Although Israel had seen the wonderful works of God, received His continuous grace, and welcomed His provision, through their lack of surrender, they still questioned His ability to provide bread and to furnish a table in the desert, and so they demanded the food they craved. They wanted “fancy food,” and cared more about the quality of food on their plates rather than the posture of their heart. 


Praying big prayers is not what God rejects; it’s a demanding and unbelieving heart. This person is like a wave tossed at sea. (James 1:6-8). God welcomes big prayers, He asks, though, that we trust in His answer and sovereign choice of provision. All things are possible with God; when we ask great things from Him, we must pray in humility: Lord, if you will, you can. 


Whether it’s food or something else, we crave, we must trust in the Lord's provision. Whatever he chooses to give, we welcome it with grace and gratitude, not demanding a blessing of “higher quality.” For a father does not give a child a scorpion when he asks for bread. How much more does our Heavenly Father desire to give the Holy Spirit to those who ask Him? (Luke 11:13) 


The question that this passage demands an answer to is this: Is God enough?


We all know the answer is yes, but this question is not meant to be answered with matter of factuality, but instead, sincerity. Do you truly trust that He is enough? Or will you fall into the lie of self sufficiency and doubt as those who came before us?


The Bread of Life

“Our God surely blesses us, but if we aren’t careful, blessings can become our god.”


A necessary observation of this week's verse is the parallel to the account of Jesus feeding the 5,000 found in the Gospel of John. After Jesus fills the stomachs of five thousand-plus people with just five loaves and two fish, the crowds earnestly seek Him out and demand to stay with Him. Jesus immediately points out their folly. That they are only seeking Him because they have eaten their fill of the loaves, not because they want more of Him.“You want to be with me only because I feed you.” He explains how, just as the Lord sent down manna to the Israelites, God sent Him down to be the true bread to the whole world.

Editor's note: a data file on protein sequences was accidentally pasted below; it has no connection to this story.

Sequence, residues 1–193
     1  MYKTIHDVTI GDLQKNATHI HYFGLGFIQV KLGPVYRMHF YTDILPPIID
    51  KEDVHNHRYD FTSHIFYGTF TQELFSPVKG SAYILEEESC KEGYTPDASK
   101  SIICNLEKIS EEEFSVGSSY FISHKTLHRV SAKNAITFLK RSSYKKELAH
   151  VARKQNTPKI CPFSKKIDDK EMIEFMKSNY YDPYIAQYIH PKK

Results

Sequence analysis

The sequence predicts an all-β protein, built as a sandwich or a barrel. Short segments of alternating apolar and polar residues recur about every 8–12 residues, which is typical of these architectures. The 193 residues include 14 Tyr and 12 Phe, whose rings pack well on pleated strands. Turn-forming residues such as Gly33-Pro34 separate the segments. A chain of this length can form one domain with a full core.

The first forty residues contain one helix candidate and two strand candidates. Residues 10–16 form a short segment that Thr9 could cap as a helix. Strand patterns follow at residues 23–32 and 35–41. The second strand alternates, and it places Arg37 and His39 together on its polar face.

We are to stop striving merely for the bread that perishes, and instead, pursue Jesus, who satisfies all hunger and all thirst.


“I am the bread of life. Your fathers ate the manna in the wilderness, and they died. This is the bread that comes down from heaven so that one may eat of it and not die. I am the living bread that came down from heaven. If anyone eats of this bread, he will live forever. And the bread that I will give for the life of the world is my flesh.” John 6:48-52


You must trust that the Lord will give you what you need when you need it and that what He chooses to give is enough, as God commanded the Israelites in the wilderness only to take enough manna for a day so they would remain dependent on Him. We also are to request daily portions of bread from the Lord, remaining dependent on God, not overindulging ourselves in the cravings of the world, doubting that God is enough, or with a lack of contentment, constantly demanding more and more. Trust that the Lord cares for you and knows your needs before asking. He is all-sufficient. He is all we need. He is the Bread of Life!


Written by Blake Stanley


Passages to Read this week:

Psalm 78
James 1:6-8
John 6
Luke 11:1-13
Romans 1